You’re feeling full but here’s the waiter with the dessert menu. You’re about to say “No thanks” when your friend orders baked cheesecake. And soon you’re saying: “I’ll have one too, thanks.” Studies repeatedly show that what we eat is highly influenced by who we eat with. The most recent research, presented at last week’s American Heart Association meeting, found that the chance of a “diet lapse” was 60% when eating with others. The research followed 150 people trying to lose weight or keep weight off, for a year, using phones and an app to capture what and where they ate. Those in the study were asked to limit their calories. They were most successful in keeping to their diet when they ate alone. Work, with its temptations of cake for somebody’s birthday, led to a 40% chance of a diet lapse. The car was the safest place, with only a 30% chance of overeating.
But it’s annoying that dining with family or friends could make us eat more. A study of 63 adults who kept seven-day dairies found that eating with people increased meal sizes by 44% and participants ate more fat than when they ate alone. The lead researcher, US physiologist John de Castro, suggested that eating alone would reduce caloric intake and improve diets. In another study he showed that meals eaten with spouses and family had more calories and were eaten faster, while those with friends were as large but lasted longer. This was true for all meals of the day, and if men were at the table, women tended to eat more than usual. So although eating with friends or family is one of the joys of life, if you want to watch your weight, should you eat on your own?..Read Full Article….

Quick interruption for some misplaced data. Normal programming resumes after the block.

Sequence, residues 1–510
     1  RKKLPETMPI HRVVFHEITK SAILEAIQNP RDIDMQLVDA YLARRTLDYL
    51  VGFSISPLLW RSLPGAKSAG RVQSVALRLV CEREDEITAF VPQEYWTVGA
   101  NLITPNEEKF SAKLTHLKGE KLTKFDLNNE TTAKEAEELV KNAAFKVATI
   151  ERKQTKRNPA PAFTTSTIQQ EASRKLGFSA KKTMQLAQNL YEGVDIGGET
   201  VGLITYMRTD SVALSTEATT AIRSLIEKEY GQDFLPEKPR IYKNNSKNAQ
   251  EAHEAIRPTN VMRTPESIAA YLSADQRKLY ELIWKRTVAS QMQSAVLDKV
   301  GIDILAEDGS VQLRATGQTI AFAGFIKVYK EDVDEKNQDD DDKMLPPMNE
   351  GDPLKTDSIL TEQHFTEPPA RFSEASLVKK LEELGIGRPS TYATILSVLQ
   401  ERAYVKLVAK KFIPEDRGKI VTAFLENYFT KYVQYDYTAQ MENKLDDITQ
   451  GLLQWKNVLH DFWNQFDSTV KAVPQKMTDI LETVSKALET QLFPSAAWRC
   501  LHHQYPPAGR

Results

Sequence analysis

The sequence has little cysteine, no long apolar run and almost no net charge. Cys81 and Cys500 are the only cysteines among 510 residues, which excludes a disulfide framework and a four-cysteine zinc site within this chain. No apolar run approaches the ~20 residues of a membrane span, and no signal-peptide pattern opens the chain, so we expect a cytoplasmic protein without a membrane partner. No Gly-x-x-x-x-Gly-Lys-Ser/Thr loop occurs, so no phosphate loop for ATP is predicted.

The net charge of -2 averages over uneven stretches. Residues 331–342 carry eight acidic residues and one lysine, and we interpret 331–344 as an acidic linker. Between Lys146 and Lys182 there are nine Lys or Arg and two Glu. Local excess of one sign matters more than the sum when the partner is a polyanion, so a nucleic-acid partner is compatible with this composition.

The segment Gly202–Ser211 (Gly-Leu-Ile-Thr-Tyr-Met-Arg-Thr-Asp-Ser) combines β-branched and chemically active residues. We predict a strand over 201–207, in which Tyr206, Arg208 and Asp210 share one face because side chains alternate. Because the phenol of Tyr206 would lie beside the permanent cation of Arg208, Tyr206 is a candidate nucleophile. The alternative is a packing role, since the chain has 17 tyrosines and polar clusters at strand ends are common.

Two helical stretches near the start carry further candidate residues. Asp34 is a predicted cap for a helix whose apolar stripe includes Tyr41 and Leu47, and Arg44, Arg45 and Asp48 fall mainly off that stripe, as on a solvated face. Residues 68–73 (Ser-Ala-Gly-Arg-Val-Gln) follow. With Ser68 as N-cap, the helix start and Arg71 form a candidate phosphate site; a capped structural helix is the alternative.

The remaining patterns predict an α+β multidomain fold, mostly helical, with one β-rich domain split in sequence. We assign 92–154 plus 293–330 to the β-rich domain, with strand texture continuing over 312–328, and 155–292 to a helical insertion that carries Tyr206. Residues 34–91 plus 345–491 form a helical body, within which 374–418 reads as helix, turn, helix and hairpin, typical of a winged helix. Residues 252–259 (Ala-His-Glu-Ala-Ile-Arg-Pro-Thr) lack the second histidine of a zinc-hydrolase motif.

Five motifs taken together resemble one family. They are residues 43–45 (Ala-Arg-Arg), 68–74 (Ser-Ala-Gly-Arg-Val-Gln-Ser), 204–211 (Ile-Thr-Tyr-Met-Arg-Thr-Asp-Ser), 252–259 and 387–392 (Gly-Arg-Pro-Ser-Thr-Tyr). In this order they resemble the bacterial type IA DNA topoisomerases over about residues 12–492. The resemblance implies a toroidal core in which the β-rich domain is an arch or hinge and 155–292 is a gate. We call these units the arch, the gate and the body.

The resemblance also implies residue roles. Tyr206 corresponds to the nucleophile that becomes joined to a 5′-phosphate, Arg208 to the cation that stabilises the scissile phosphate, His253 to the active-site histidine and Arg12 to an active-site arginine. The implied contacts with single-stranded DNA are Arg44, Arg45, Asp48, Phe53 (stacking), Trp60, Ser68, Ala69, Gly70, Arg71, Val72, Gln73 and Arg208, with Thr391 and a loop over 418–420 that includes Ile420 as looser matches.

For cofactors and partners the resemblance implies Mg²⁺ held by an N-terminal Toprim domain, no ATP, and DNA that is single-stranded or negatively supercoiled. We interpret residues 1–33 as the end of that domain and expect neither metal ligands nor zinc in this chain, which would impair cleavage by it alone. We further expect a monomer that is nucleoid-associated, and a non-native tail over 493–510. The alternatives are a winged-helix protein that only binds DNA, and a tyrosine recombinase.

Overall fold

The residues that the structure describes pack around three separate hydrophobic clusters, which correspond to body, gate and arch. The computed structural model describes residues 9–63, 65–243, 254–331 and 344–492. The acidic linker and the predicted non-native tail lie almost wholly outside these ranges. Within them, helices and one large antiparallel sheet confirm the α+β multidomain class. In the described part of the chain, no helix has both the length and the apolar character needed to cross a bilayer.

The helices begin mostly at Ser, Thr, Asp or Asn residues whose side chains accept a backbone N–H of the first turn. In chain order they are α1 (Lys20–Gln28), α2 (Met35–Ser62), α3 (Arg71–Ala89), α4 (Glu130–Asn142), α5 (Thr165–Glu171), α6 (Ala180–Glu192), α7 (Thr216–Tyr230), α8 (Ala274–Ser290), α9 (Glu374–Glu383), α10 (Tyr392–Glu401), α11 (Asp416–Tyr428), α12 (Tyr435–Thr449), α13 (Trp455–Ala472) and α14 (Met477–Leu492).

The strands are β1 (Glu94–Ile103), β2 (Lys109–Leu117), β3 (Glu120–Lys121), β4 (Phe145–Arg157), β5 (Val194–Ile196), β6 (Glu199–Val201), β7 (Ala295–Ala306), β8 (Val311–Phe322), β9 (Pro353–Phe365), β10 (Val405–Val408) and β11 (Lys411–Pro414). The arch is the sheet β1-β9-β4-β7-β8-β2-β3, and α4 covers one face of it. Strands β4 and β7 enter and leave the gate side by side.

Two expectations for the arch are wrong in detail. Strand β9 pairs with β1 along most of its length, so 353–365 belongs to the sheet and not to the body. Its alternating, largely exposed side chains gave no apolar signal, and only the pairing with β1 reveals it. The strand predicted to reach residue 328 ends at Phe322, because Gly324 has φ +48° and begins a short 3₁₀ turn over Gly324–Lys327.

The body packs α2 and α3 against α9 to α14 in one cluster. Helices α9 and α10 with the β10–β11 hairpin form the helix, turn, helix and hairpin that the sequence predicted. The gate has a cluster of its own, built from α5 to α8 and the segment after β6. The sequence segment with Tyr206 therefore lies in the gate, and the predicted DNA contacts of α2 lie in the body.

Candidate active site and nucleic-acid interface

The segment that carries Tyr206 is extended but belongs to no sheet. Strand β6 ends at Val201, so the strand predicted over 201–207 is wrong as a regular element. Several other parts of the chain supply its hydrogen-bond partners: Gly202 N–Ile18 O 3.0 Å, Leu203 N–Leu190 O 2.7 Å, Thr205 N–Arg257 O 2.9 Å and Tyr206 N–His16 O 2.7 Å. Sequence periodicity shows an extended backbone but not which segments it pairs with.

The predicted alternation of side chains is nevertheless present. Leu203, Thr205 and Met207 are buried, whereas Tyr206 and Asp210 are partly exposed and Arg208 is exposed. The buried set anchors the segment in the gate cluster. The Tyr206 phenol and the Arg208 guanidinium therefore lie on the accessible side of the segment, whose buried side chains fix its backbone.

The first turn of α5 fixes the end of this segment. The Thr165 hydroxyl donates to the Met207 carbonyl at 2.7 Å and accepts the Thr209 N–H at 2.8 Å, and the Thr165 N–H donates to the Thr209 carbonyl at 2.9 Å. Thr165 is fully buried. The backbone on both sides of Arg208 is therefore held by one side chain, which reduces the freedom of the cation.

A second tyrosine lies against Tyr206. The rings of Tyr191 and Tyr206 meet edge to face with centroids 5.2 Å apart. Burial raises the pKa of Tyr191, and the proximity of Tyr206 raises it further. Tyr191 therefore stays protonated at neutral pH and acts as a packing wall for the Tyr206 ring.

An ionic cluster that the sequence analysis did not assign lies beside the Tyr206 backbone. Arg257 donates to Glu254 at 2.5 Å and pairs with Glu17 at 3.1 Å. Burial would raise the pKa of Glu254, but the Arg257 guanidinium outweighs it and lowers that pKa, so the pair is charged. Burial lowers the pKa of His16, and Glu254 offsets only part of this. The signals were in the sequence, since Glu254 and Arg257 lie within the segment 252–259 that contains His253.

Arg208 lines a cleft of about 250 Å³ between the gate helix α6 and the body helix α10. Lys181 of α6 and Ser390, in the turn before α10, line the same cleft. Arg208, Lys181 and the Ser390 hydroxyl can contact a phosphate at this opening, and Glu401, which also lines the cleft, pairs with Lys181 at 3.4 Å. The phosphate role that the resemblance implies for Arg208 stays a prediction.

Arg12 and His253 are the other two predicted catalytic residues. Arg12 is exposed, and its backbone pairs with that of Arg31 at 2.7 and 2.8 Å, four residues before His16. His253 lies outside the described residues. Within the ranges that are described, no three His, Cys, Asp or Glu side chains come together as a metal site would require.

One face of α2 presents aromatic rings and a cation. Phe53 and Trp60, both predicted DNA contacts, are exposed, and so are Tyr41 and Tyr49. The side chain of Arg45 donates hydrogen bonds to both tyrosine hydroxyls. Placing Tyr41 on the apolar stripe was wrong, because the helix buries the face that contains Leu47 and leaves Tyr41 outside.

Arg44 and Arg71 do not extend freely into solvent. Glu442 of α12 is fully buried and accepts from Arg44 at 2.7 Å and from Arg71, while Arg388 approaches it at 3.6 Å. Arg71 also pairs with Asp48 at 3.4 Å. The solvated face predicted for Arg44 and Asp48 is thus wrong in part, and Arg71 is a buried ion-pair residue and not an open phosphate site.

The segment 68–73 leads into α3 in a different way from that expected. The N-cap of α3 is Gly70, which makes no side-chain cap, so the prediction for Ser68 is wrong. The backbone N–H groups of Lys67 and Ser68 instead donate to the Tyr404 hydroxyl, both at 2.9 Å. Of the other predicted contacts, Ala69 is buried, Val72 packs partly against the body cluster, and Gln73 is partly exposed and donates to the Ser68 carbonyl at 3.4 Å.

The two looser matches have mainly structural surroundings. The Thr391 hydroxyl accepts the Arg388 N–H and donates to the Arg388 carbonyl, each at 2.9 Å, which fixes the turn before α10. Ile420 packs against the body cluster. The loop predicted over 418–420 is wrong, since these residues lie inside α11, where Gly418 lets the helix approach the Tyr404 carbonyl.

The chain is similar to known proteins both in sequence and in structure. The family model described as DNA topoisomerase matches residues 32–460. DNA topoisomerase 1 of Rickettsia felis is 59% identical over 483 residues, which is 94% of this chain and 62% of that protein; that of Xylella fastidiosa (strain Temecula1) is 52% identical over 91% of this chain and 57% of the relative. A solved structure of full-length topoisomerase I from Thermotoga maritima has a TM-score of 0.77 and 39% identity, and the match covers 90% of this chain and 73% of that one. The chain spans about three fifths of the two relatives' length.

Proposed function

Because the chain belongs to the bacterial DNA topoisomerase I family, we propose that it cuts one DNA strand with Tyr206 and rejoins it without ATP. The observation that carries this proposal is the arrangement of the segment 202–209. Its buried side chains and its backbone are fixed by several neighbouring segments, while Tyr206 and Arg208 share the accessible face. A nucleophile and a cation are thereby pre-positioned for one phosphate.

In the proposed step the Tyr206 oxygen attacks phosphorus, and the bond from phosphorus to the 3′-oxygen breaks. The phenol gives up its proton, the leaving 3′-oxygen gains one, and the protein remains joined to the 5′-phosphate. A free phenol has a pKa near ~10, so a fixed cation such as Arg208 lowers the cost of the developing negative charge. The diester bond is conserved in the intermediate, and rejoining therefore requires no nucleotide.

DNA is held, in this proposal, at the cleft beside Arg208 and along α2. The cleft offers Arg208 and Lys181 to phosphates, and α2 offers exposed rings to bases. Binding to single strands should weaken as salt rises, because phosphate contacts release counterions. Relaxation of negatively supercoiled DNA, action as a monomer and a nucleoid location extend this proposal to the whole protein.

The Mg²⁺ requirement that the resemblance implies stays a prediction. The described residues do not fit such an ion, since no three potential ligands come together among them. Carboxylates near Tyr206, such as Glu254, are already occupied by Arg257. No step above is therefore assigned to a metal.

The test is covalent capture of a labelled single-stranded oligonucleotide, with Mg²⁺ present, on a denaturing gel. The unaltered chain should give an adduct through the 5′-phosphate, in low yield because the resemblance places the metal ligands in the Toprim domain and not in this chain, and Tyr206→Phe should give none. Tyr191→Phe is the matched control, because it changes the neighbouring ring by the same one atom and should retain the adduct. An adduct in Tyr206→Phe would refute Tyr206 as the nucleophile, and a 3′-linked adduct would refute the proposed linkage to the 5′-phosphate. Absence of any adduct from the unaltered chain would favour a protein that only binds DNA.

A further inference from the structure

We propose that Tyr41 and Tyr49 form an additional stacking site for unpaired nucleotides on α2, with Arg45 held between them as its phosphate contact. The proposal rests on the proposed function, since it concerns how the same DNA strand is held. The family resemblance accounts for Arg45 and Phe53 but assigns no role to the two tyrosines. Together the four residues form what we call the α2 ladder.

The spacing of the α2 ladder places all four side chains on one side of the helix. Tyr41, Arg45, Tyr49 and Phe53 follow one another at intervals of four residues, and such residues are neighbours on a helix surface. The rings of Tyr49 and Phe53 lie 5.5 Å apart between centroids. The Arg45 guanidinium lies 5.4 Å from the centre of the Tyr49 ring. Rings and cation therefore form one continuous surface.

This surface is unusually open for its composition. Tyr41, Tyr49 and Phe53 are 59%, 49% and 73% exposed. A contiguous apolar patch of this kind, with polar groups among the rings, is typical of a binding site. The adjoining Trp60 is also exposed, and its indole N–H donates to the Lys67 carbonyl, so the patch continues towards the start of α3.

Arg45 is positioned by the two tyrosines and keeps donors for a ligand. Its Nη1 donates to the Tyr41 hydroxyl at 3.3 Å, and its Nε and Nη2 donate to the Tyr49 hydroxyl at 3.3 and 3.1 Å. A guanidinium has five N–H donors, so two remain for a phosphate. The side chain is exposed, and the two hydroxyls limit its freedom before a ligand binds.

Original Article : Does eating alone help you diet?
by : Luisa Dillner
From : theguardian.com